Prosecutors have charged a man with killing a Catholic bishop in a crime that stunned religious and immigrant communities in Los Angeles.
Auxiliary Bishop David O’Connell, 69, was fatally shot multiple times on Saturday in the bedroom of his home in Hacienda Heights, an unincorporated community about 20 miles (30km) east of downtown Los Angeles.
The suspect, Carlos Medina, is the husband of O’Connell’s housekeeper. Medina had done work at the bishop’s home and was arrested Monday by a Swat team.
George Gascón, the LA county district attorney, said on Wednesday that Medina is charged with one count of murder with a special allegation that he personally used a firearm.
“Charging Mr Medina will never repair the tremendous harm that was caused by this callous act, but it does take us one step closer to accountability,” Gascón said.
Medina faces 35 years to life in prison. He appeared in court on Wednesday afternoon, and his arraignment was postponed to 22 March.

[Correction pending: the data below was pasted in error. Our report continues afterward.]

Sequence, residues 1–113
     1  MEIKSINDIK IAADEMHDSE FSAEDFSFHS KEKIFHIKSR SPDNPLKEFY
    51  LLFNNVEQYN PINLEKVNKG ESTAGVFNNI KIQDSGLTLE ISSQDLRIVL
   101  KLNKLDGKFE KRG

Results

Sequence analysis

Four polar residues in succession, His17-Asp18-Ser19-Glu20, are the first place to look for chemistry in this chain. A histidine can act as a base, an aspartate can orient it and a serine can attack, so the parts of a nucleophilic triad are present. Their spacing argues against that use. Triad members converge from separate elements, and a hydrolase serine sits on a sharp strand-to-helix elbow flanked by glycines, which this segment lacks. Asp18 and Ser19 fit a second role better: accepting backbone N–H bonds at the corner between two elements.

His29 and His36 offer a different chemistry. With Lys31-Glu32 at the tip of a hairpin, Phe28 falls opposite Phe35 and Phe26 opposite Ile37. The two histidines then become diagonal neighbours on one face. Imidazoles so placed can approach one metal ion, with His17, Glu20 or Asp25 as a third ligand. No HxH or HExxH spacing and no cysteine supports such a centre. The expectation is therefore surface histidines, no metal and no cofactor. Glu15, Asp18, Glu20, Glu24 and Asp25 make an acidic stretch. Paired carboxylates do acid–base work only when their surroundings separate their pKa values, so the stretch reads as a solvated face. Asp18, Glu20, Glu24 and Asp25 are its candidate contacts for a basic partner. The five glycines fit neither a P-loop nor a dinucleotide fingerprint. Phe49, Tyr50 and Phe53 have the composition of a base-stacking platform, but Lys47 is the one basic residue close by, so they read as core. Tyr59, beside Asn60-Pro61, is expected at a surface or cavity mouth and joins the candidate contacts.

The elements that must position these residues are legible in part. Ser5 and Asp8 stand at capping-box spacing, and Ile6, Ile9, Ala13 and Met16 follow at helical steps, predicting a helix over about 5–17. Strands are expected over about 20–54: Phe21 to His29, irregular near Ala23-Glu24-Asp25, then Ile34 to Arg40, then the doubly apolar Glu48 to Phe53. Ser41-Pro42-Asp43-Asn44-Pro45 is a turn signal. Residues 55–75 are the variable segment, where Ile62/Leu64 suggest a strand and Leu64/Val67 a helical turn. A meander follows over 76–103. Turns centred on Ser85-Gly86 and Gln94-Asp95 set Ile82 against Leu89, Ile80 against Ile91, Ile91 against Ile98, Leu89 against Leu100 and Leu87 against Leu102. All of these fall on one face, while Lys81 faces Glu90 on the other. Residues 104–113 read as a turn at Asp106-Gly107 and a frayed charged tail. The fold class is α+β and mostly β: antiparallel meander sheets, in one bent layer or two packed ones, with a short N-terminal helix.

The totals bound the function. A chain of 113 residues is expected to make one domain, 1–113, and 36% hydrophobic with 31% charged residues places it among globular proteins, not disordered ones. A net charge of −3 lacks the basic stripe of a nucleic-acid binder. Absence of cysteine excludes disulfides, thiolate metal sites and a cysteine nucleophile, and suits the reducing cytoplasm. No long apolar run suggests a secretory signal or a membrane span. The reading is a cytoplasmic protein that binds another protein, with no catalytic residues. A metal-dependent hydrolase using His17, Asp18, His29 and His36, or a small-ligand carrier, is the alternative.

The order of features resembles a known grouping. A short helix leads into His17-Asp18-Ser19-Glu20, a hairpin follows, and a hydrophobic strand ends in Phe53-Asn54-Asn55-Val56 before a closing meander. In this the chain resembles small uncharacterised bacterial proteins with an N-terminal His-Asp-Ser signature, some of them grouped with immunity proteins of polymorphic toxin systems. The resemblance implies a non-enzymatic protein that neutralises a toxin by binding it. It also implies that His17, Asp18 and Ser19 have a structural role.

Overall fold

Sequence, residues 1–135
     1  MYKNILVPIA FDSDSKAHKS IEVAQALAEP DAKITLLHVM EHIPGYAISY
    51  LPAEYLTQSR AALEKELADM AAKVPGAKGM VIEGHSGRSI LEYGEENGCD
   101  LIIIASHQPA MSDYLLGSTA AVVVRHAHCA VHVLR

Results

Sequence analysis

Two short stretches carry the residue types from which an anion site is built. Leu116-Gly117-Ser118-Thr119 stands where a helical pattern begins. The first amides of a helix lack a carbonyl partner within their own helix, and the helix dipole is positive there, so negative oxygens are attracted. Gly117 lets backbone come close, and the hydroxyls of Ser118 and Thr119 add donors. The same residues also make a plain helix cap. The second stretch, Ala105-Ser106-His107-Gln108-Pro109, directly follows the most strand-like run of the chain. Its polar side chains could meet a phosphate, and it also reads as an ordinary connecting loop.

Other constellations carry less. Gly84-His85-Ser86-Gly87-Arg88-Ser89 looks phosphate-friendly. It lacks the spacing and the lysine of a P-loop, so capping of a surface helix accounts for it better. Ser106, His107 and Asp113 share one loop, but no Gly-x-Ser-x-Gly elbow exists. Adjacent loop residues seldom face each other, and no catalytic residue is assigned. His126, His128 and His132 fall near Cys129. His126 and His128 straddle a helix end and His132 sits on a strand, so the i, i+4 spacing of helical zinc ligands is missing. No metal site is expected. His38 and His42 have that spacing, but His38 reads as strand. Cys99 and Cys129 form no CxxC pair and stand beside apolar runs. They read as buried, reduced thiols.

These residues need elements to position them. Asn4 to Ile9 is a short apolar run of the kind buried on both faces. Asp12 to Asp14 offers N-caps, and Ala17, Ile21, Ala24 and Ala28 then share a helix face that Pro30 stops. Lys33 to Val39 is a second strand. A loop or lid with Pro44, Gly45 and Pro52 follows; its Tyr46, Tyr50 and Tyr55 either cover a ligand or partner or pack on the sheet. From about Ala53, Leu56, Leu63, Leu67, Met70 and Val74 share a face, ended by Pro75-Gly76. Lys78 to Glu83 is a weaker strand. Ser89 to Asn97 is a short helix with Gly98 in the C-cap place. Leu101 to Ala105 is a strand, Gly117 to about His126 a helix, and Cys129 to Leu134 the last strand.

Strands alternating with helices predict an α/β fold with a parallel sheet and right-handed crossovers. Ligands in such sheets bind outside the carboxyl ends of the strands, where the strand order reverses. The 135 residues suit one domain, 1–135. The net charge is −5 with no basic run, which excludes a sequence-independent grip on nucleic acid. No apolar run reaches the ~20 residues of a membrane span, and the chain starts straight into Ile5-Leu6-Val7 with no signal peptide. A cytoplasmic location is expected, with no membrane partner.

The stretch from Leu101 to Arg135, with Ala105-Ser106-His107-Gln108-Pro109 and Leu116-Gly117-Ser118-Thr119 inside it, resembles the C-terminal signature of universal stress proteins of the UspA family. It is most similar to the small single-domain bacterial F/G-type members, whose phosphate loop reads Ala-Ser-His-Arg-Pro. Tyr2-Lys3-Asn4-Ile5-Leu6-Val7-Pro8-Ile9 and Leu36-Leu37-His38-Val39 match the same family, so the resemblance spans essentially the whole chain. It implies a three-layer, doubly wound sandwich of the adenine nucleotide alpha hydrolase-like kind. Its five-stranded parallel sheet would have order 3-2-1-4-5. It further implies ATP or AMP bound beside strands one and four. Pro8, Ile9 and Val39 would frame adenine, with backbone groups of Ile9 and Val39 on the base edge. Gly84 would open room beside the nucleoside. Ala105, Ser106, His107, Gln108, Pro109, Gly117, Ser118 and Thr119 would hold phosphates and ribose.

The public defender’s office, which is representing Medina, said in a statement that Medina is presumed innocent “and entitled to a vigorous defense”.
Because the case is so serious, a senior deputy was appointed to handle it, the statement said.
“We are sensitive to the impact this case has had on our community but at the same time caution against any rush to judgment,” the statement said.
O’Connell had been a priest for 45 years and was a native of Ireland, according to Angelus News, the news outlet of the Archdiocese of Los Angeles, the nation’s largest. In 2015, Pope Francis named him one of several auxiliary bishops of the archdiocese.
Lt Michael Modica of the Los Angeles county sheriff’s department, who is leading the homicide investigation, said Medina told detectives of several reasons for the violence, “and none of them made any sense to investigators”, so the motive remains unclear.
Previous reports that Medina said O’Connell had owed him money appear to be incorrect, Modica said.